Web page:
Week one of ten in Costa Rica is over, but most of us would agree it’s felt more like weeks or months since we began. We are all looking forward to having a little break before continuing on with our activities here.
The program started with a day and a half of orientation at Rice University that was packed with leadership lectures from Dr. Van Kleeck and administrative information. Dr. Van Kleeck talked to us about what attributes make up a good leader, how to work as a team despite differences in working styles and personalities, and goal setting. After these lectures, I made a goal for the summer to develop a basic understanding of the working styles of the other members of the cohort, especially the three I will be working most closely with (Callie, Sanjana, and Josh). Additionally, I will continue to observe my own behavior to discern my relative strengths and weaknesses within the group. This information will be very helpful to obtain for our work here in Costa Rica, but even more so for when we are back in Houston.
After orientation, we flew here to Costa Rica and began a short course in needs finding. As a part of the course, we each went with some local bioengineering graduate students to separate hospitals to conduct some observations with the goal of determining some needs for future design challenges. Unfortunately, when we arrived at the hospital, they were not as ready for us as we had hoped. Our original contact was apparently unavailable, and we had to do some asking around and waiting before getting to talk to someone. We did get to talk with two individuals at the hospital eventually, a physician and an engineer, but were unable to conduct any observations or ask many questions about their problems. Therefore, we weren’t able to learn enough about any one of their problems to start a meaningful design process.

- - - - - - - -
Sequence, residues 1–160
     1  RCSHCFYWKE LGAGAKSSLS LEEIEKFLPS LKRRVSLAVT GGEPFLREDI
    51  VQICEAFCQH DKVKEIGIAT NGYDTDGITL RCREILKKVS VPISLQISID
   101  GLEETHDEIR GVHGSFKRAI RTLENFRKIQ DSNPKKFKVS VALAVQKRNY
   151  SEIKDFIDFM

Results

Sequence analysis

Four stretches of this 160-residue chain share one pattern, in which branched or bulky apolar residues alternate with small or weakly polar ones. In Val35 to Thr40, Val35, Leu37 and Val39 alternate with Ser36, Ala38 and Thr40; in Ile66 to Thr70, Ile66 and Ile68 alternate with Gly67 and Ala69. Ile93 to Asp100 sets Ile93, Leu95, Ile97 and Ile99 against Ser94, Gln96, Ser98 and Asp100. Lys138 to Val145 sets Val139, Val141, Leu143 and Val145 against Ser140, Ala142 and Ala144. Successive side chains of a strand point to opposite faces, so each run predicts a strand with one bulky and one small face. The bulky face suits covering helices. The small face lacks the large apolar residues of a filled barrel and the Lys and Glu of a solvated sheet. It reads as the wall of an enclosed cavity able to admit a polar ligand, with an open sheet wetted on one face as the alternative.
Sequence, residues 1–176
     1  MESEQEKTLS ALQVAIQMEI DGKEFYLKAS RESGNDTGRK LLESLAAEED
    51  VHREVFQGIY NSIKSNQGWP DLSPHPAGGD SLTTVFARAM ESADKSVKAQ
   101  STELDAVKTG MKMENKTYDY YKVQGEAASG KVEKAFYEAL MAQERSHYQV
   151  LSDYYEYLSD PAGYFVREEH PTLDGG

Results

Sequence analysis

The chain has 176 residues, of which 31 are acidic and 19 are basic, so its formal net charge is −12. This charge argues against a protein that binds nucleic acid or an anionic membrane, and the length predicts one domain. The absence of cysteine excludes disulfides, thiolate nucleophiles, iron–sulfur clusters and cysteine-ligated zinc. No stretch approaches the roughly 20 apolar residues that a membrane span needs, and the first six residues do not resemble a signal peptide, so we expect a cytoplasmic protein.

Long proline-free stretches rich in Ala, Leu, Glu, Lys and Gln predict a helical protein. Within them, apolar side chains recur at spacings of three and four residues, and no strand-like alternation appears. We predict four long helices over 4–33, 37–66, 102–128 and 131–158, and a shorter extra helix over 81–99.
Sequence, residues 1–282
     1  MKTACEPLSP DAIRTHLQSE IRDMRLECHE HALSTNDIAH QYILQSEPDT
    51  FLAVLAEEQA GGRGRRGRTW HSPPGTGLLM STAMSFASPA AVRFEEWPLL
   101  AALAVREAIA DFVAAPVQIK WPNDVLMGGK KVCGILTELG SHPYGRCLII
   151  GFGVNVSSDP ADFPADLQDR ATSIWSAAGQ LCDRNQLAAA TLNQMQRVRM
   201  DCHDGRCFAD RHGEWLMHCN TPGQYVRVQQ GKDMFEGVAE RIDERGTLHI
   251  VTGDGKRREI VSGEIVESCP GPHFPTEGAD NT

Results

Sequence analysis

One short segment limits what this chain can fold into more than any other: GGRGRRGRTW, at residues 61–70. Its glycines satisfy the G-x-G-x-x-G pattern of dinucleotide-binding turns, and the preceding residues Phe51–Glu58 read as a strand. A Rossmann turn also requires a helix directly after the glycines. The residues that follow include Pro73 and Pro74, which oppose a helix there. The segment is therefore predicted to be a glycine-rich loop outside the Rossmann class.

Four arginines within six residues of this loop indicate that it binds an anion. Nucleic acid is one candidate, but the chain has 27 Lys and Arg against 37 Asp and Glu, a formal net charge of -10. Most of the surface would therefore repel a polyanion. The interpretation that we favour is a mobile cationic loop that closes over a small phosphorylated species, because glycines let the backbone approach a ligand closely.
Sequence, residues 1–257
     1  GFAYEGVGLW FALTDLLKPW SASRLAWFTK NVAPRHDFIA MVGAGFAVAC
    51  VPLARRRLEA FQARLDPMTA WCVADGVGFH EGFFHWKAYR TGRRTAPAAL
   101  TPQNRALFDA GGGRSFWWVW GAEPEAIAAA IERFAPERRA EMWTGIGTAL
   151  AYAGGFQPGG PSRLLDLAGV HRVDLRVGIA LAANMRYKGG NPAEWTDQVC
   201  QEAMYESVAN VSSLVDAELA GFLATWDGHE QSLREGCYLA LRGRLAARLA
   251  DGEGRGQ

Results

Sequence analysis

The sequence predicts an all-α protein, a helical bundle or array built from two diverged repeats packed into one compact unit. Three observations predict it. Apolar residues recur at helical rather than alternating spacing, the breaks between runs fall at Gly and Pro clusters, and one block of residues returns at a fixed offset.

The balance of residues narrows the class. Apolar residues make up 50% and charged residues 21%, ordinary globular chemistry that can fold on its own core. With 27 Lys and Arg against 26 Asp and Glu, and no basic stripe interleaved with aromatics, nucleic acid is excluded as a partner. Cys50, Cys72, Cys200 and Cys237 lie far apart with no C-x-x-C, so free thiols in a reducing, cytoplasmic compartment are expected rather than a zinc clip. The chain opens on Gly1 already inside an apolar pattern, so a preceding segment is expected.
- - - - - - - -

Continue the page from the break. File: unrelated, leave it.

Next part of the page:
From this experience, I learned that making observations may not always be as efficient as I might hope, especially in smaller, more-chaotic hospitals like the one we visited. Expecting to make one visit to a hospital to see everything I want about a particular process may be unrealistic, and therefore I should take that into account for future planning. However, many of these issues may be able to be mitigated by more extensive communication with my hosts at the hospital.
All in all, I’m excited for this opportunity here in Costa Rica. With a background in mechanical engineering, I’m hoping to gain a sufficient understanding of the medtech industry, especially in an international context, to know where my strengths and interests might lend a good fit. Additionally, I hope to greatly improve my Spanish skills while here. I’d say I’ve made considerable progress on these goals considering the 3 days I’ve been here so far.
But now it’s time to kick back a bit and enjoy Costa Rica. Until next time…